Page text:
In Praise of Spaced

spaced.jpgOkay, I was going to wait until I finished making my way through the box set before posting something about this but I just hit something that’s thrown me right over the edge …

You may recall some of us getting all giddy about a wee British film called Shaun of the Dead not so long ago. Well, I’ve got a friend who’s been roaming the world for the past couple years and is currently in the UK (Nottingham, actually. Insert bad Robin Hood joke here. God knows I have been.) who I imposed upon to pick me up a copy of a little sitcom the key Shaun of the Dead folk did called Spaced. I’d heard good things and my expectations were high. They’ve all been shattered. Utterly. This is genius. It’s a simple enough premise – a wannabe writer and a wannabe comic book artist pretend to be a married, professional couple so that they can rent a flat – but it’s got a completely different tone to it than pretty much anything else I’ve ever seen. It’s certainly worlds away from anything you’d see on an American network. Though definitely written to be a straight out comedy the humor is rooted incredibly deeply in the character work of the two leads and is so specific that it’ll probably only really appeal to a fairly narrow range of people. But those who get it get it hard and if you’re reading this chances are you’ll get it. This thing is so littered with pop culture references – specifically sci-fi, comic book and b-movie references – that you’ll spend a good portion of the show just giggling over how they’ve managed to work stuff in but they also manage to create such strong characters that it hangs together as a remarkably strong whole.

Anyway … here’s what got me writing this … Season One is a compelling enough start – the episode lifting from the Evil Dead is just fantastic – but four episodes into Season Two it’s clear that they reached an entirely different level the second time round. Not only did the manage to work two members of the League of Gentlemen into the first three episodes but those three episodes include a wicked parody of the Matrix, repeated rantings on how bad The Phantom Menace sucked, an out of the blue shot at Babylon 5, and an episode that somehow manages to create a seamless fusion of Robot Wars, One Flew Over the Cuckoos Nest and Fight Club. Episode Four (there are only seven episodes per season, by the way) is what has made me a true believer for life. In a throwaway scene – a complete and total throwaway – they not only create a note perfect reconstruction of the bike accident scene from the Sixth Sense but they somehow got Olivia Williams (that’d be the wife in the Sixth Sense) to play the cyclist. If I hadn’t been lying down I’d have fallen out of my chair.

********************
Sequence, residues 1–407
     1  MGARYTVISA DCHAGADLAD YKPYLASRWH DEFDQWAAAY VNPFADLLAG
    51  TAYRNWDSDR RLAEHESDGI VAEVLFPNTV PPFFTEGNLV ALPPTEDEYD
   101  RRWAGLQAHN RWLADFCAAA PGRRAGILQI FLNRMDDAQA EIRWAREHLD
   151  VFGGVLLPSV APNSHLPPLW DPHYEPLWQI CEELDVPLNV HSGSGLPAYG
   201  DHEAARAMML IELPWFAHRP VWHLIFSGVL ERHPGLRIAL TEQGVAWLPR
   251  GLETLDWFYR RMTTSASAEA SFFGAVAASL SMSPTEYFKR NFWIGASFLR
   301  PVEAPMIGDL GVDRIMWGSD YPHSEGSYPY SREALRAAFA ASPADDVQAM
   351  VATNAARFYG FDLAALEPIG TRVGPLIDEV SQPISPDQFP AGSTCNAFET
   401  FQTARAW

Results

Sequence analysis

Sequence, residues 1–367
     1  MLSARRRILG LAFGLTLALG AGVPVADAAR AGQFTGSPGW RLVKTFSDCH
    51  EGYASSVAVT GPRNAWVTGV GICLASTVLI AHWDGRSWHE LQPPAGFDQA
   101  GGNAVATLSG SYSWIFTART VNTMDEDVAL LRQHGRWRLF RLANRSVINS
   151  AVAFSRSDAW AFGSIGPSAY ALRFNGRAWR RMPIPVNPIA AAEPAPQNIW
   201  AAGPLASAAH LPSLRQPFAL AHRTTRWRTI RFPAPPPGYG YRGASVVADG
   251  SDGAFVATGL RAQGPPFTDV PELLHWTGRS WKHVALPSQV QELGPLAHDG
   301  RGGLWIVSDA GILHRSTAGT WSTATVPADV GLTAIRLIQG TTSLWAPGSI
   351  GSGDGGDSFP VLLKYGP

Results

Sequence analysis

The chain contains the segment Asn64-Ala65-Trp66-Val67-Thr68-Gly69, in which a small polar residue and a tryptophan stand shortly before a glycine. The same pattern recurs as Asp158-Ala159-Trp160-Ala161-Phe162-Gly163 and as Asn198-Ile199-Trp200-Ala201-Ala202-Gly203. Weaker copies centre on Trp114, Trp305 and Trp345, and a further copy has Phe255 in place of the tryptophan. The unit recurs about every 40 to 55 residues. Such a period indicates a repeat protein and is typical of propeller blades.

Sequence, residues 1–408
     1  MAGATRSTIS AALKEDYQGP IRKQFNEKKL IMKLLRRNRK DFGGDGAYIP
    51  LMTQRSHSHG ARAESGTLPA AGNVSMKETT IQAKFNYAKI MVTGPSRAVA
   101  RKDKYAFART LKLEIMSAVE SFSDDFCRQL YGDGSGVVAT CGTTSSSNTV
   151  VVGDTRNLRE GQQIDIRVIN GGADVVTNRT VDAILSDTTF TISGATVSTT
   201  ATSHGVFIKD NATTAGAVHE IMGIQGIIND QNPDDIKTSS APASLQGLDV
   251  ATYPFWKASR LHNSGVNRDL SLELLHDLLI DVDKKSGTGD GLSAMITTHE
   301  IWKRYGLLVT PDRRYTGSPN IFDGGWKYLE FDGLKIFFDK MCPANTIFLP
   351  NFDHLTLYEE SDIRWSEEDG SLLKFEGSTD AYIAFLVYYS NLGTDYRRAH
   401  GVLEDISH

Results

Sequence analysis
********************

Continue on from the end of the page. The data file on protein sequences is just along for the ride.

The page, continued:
Just insanely good. Seriously.

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